To test penetration, I chose to test the RIP loads in water. Water is simple to use, is repeatable and can be used for comparison by anyone. As a rule, water testing might overstate penetration and expansion by about 10 percent, compared to gelatin. For instance, a bullet penetrating 12 inches in water will penetrate about 10 inches of gelatin. Gelatin is a reputable form of testing, but it certainly isn’t flesh, blood and bone.

I was interested to see how the eight trocars performed. The design goal was to provide secondary missiles to radiate from the wound channel and contact vital organs while the center base continued to penetrate. How the bullet will perform against bone isn’t easily gauged.

The bullet entered the first jug, and then the trocars exited the rear of the 6-inch-wide water jug, to be found in the second jug. There was a dispersion of 2 to 3 inches in the exit hole of the first water jug. The projectile base continued past the second jug, for more than 12 inches of penetration.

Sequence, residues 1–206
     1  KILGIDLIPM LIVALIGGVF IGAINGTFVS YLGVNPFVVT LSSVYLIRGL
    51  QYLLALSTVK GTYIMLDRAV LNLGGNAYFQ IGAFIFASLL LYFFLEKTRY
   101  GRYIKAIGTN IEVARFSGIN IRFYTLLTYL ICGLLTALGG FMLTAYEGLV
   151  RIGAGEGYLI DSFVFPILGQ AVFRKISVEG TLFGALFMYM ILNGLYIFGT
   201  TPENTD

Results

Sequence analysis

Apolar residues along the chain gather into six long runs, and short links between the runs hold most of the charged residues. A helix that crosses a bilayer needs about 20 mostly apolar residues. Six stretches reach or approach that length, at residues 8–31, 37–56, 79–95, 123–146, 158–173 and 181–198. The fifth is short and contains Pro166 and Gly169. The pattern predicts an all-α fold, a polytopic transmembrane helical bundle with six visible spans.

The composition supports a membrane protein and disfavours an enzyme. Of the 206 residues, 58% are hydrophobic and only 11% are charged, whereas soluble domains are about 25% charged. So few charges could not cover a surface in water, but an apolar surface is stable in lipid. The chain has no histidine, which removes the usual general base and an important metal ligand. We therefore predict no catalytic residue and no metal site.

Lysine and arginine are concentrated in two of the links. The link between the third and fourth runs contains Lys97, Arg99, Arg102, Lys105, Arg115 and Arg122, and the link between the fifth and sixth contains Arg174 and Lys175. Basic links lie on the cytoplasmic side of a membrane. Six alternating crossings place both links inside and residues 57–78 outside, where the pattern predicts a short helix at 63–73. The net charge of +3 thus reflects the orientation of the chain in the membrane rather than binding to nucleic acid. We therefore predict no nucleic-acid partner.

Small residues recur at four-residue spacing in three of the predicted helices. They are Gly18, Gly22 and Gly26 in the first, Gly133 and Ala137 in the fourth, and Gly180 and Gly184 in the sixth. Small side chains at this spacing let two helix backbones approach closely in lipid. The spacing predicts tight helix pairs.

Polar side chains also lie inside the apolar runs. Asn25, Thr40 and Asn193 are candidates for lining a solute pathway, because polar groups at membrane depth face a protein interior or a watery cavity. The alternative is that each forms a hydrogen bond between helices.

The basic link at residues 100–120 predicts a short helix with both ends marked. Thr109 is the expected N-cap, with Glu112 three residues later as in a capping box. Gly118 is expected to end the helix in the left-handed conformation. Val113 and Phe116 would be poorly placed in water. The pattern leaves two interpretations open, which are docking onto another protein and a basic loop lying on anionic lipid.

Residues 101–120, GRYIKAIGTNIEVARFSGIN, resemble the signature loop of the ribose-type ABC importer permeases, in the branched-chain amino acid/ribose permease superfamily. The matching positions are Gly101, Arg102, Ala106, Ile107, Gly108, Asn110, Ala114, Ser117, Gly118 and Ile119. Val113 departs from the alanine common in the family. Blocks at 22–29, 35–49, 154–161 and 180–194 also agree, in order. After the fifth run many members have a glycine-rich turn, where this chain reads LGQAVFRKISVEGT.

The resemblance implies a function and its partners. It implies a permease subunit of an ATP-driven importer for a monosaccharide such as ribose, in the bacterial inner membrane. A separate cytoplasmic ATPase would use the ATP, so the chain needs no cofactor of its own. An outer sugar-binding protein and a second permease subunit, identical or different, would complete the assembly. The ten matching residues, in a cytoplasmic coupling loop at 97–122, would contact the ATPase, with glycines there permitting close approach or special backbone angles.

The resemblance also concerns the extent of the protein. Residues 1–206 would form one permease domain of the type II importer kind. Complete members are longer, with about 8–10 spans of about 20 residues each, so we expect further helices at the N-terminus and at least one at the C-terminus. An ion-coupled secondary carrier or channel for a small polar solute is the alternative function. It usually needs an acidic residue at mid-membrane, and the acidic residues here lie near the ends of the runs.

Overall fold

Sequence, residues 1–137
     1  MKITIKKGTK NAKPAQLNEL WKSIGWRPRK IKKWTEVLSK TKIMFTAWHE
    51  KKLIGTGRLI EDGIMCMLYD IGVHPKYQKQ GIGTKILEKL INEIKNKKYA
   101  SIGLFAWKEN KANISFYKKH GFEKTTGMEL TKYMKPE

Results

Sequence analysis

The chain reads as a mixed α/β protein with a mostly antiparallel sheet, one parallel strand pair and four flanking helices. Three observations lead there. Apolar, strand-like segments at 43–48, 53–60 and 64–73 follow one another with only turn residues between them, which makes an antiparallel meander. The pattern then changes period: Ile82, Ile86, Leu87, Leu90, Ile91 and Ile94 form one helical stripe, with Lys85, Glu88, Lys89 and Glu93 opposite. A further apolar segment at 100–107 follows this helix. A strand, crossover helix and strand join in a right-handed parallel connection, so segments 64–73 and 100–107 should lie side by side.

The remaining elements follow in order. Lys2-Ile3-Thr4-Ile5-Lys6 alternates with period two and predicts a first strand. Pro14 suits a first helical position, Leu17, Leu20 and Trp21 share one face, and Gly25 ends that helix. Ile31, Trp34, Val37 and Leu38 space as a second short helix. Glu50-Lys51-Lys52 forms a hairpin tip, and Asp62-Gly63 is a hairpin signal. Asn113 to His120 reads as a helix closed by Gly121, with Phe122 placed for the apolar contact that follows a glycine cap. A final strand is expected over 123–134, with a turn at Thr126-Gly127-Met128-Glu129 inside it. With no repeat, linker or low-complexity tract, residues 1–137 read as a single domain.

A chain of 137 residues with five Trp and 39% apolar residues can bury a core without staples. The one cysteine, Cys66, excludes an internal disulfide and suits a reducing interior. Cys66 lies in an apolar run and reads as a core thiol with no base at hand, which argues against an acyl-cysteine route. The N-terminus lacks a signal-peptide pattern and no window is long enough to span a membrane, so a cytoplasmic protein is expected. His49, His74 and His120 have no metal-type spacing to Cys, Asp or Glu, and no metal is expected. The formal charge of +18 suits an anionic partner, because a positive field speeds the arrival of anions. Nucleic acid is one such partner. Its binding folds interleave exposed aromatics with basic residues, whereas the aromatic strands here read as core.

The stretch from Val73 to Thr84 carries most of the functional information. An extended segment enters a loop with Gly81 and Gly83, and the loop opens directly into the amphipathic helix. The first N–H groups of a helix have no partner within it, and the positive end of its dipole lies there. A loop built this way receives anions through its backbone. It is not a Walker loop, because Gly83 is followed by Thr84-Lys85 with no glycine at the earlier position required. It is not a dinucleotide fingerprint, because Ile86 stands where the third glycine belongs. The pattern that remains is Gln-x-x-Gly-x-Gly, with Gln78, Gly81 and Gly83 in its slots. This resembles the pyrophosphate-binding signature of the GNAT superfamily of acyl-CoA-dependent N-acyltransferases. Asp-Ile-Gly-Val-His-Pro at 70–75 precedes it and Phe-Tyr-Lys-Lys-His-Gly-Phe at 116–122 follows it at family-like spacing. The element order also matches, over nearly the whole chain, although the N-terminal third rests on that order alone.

Upon exiting the second jug, the bullet base would sometimes only dent the third jug and fall to the table; sometimes, it penetrated the third jug and fell to the bottom, gauging about 12 to 13 inches total penetration.

You will have to decide if the ammunition produces adequate penetration for your scenario. In home defense, for those wishing to limit penetration, the RIP load has promise. The wound produced will be complex and not easily repaired, so give some thought to how this loading would be perceived by a jury of laymen.

These are just a few of the trocars and bases of the projectiles recovered.

These are just a few of the trocars and bases of the projectiles recovered.